“I’m caged. My passions, my mind, my joy are still alive, but I’m stuck in this body that doesn’t work very well. I feel trapped and there’s a lot of grief and agony in that. I don’t look to the future all that much because I find it difficult that this is it, I don’t expect it to be pain-free anymore.”
Accepting that it was a chronic disease was traumatic. “When my youngest child was six months old, it was the first time it came into my consciousness that this is forever. I was lying there in pain and heard the baby crying. I got up and did what she needed me to do. I got through literally taking each day moment by moment and putting one foot in front of the next until I couldn’t.”
That’s what people find so hard to comprehend — the constancy of the pain. If you have a disease such as cancer, there is pain and suffering as the medical system kicks into gear to cure it. But, in most cases, what follows is wellness. It’s this hope of getting better that helps people endure the bad parts. What if you know you will have pain and suffering for the rest of your life?
The rate of suicide among CRPS sufferers is high; it’s estimated that 20 per cent have tried to kill themselves while half have contemplated it.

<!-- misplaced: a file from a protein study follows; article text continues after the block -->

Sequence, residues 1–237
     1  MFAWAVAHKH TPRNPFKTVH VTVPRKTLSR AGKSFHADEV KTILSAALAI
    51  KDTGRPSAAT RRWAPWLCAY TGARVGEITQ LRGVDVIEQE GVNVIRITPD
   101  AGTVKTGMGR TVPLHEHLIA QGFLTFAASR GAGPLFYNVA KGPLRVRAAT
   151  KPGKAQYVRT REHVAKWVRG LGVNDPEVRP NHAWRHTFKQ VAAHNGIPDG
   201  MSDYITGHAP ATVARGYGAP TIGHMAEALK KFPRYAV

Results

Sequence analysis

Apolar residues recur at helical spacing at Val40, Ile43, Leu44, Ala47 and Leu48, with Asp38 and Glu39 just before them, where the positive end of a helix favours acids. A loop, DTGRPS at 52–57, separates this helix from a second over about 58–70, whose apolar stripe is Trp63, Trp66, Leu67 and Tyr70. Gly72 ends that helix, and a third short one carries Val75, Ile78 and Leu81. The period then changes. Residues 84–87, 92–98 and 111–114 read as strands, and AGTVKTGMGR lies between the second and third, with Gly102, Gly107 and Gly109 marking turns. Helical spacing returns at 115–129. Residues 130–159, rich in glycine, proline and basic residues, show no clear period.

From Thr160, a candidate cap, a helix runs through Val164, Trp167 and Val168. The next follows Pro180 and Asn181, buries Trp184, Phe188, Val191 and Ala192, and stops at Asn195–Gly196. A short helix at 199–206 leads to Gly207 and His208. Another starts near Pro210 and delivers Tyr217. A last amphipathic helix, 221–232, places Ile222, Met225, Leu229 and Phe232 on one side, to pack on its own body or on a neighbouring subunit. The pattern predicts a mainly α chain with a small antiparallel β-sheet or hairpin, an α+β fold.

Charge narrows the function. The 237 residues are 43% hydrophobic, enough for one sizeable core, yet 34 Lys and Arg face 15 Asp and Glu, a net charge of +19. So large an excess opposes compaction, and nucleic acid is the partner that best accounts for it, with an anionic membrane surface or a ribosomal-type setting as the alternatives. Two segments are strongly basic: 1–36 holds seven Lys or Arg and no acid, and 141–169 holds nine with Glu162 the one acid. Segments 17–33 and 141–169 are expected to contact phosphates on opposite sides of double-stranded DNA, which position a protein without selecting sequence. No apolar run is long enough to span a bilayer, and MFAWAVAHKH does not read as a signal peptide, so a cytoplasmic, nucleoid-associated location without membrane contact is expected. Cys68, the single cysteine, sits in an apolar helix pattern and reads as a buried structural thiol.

“There have been many days when I’ve wondered if I’d have the strength to go on,” Palmer says. “Not that I wanted to die, but do I have enough strength to get up and keep going knowing that every day is extremely difficult? I think about my three kids and I have to. And I want to for them. They need their mom and they need their mom to be the best she can be.”
The Courage to Come Back gala is April 24.
For the past 20 years, the Courage To Come Back Awards have raised more than $16 million for Coast Mental Health to support people recovering from mental illness in the Lower Mainland, through housing, support services and employment. The awards celebration is a major fundraiser for Coast Mental Health, which believes that, through compassionate care and support, everyone can recover. More information at couragetocomeback.ca.